By Michael Hurley, CBS Boston

BOSTON (CBS) — By the time everyone in New England went to bed Tuesday night, the narrative had been written: Alfredo Aceves pitched poorly, blamed the weather and the umpires and called out his teammates for not getting hits.

On closer examination on Wednesday morning, though, that might not be the accurate story, at least not the criticism of the Red Sox’ offense.

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Without a doubt, Aceves pitched terribly against the A’s, as evidenced by the seven earned and eight total runs he allowed in his 3 1/3 innings on the mound. He seemed to lack focus too, getting called for two balks in the third inning and hesitating before running to first to cover the base on Josh Reddick’s infield single. And in listening to Aceves’ roughly seven-minute session with the media, he made his fair share of excuses, from the bad weather to the hole in the mound made by Bartolo Colon to an unfair strike zone, and so on and so forth.

Yet the one quote that’s sure to be magnified, be it on Twitter or sports talk radio, is the one about his teammates not getting any hits. Here’s what he said when asked how Colon was able to throw seven shutout innings in the same conditions:

“Maybe his strike zone is not that small, because for whatever reason. Also the guys get like a hack, you know? Why do we don’t hit? Same thing.”

The comment raised a lot of eyebrows when it went out over Twitter, and with good reason. If Aceves was indeed pointing a finger at his teammates for failing to come through with runs on a night when he was the problem, then any and all outrage directed at Aceves would be more than justified.

However, in listening and watching to all of Aceves’ postgame comments, it really doesn’t seem that was his intention.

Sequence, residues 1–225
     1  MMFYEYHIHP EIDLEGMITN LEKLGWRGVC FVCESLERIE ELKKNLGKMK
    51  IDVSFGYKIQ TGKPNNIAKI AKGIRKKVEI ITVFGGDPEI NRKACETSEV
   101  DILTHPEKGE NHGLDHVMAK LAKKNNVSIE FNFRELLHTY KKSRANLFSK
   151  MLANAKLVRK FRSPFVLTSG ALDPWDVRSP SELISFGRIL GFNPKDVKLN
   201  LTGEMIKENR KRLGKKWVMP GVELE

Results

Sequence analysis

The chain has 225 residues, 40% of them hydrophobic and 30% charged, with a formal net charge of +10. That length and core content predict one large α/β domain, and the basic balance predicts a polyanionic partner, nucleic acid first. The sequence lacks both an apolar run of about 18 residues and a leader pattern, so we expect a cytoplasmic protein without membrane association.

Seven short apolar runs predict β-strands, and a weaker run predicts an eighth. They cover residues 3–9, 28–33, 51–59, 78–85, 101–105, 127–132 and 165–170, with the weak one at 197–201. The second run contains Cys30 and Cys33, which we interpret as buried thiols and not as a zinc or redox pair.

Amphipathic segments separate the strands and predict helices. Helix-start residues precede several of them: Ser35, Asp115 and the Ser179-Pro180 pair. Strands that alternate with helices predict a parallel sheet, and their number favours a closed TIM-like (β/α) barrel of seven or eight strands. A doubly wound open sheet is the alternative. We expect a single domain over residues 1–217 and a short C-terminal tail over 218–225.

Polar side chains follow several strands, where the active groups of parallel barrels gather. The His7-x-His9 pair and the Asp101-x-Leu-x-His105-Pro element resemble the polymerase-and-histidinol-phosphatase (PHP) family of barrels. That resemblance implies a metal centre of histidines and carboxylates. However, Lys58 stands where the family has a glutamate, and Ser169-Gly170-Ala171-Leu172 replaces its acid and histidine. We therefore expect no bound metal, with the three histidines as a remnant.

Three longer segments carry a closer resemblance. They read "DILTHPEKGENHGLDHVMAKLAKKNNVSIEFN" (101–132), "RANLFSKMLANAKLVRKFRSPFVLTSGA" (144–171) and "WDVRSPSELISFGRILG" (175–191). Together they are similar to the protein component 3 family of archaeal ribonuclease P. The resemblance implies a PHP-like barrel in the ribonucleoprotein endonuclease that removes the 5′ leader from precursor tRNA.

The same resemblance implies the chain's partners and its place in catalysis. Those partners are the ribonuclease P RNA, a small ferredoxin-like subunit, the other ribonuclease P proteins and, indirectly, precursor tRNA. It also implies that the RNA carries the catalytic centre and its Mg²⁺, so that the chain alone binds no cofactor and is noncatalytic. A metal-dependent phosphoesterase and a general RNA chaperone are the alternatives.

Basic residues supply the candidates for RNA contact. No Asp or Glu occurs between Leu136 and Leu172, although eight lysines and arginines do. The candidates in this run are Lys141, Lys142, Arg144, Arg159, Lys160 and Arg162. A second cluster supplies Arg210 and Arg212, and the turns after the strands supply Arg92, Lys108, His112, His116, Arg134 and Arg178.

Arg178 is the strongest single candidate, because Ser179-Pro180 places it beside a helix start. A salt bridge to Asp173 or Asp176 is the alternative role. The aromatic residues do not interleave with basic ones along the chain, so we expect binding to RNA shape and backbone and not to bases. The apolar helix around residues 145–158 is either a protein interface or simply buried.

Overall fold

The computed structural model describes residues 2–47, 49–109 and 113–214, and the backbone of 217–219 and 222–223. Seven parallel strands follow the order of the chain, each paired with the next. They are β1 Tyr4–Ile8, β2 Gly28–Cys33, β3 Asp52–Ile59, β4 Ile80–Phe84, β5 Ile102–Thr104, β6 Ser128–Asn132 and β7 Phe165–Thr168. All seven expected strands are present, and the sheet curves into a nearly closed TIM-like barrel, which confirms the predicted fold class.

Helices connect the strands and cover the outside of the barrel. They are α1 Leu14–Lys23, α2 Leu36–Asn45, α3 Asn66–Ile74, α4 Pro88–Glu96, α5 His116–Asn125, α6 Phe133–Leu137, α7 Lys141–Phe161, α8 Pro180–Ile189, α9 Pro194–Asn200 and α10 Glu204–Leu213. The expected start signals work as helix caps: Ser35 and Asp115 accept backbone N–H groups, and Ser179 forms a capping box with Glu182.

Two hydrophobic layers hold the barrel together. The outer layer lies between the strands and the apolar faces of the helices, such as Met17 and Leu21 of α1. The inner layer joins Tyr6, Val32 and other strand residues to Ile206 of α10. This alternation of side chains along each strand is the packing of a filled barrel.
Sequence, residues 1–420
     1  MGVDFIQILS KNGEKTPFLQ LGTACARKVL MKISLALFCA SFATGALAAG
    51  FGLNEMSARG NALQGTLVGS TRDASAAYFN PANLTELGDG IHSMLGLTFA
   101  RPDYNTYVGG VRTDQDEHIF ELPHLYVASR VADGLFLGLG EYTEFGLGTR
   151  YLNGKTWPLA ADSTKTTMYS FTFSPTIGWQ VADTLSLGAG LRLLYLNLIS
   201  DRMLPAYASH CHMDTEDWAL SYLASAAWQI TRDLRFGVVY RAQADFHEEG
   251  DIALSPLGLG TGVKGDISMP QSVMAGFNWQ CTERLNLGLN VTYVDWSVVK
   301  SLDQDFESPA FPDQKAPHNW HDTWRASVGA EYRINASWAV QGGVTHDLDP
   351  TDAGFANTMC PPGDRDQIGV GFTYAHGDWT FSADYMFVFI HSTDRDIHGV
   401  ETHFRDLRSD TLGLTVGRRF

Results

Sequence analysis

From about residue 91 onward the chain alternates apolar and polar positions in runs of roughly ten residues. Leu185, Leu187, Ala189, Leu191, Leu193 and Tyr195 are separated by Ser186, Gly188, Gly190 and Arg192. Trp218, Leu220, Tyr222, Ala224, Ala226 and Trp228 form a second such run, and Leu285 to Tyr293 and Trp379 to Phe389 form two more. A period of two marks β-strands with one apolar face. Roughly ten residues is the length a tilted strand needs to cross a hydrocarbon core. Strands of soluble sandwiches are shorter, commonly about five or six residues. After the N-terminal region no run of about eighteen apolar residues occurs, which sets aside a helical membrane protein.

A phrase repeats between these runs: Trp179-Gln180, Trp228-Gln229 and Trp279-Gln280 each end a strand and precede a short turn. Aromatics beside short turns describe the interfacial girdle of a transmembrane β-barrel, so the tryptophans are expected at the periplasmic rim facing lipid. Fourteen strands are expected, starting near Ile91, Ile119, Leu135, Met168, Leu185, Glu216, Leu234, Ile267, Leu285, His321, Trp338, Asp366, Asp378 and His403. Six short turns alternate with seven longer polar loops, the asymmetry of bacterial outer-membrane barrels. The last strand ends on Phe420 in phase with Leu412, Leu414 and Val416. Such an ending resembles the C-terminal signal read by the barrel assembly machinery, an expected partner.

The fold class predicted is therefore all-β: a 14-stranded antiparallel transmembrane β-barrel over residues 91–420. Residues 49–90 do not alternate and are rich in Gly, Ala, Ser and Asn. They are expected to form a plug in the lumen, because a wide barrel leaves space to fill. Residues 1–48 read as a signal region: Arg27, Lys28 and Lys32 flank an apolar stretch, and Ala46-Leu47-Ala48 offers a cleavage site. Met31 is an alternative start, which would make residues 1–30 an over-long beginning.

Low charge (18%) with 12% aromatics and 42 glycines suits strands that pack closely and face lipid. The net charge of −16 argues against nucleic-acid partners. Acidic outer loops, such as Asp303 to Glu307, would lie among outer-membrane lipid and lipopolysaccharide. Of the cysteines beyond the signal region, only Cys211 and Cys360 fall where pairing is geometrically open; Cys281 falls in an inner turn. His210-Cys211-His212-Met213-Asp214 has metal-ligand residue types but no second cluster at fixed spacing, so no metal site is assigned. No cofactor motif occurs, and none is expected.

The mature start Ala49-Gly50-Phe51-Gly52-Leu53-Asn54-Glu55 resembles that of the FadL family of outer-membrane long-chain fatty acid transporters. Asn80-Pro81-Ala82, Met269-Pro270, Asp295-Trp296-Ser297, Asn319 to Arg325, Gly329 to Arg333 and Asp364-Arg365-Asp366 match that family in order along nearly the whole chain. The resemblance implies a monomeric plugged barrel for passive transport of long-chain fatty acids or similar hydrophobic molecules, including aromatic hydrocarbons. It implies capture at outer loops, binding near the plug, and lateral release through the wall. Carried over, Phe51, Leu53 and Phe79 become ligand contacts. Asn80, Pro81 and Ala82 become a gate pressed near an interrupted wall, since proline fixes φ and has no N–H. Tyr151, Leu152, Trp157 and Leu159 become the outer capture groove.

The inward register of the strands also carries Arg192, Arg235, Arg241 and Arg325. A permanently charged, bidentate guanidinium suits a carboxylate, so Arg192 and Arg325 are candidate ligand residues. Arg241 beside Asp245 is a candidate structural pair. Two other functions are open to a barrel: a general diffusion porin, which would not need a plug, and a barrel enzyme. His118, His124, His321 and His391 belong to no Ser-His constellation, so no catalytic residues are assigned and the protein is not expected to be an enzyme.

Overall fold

The only discernible points Aceves made was that he considered the strike zone to be small, and that forced him to feel like he had to pitch over the middle of the plate, which took his confidence away from him. He also said that the hole dug in the mound by Colon affected him. And he admitted that his failure to cover first base in time was all his fault.

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But other than that, Aceves’ thought process drifted around, and it was clear that with English not being his first language, he struggled to fully explain what he wanted to.

The Globe, Herald and CSNNE all featured the quotes about not getting hits in various level of prominence in game recaps, and tweets like these helped cement the story:

And with that, fans and some reporters alike jumped to the conclusion that Aceves was upset with his teammates for not hitting, and so he decided to air out his frustrations through the media.

Say what you will about Aceves being unpredictable on and off the field — and there’s plenty to say there — but accusing him of doing that in this instance is a bit of a stretch.

Aceves may very well be in the process of pitching himself off the roster, but despite many reports coming out of Fenway, he didn’t talk himself off the team on Tuesday night.

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Read more from Michael by clicking here, or find him on Twitter @michaelFhurley.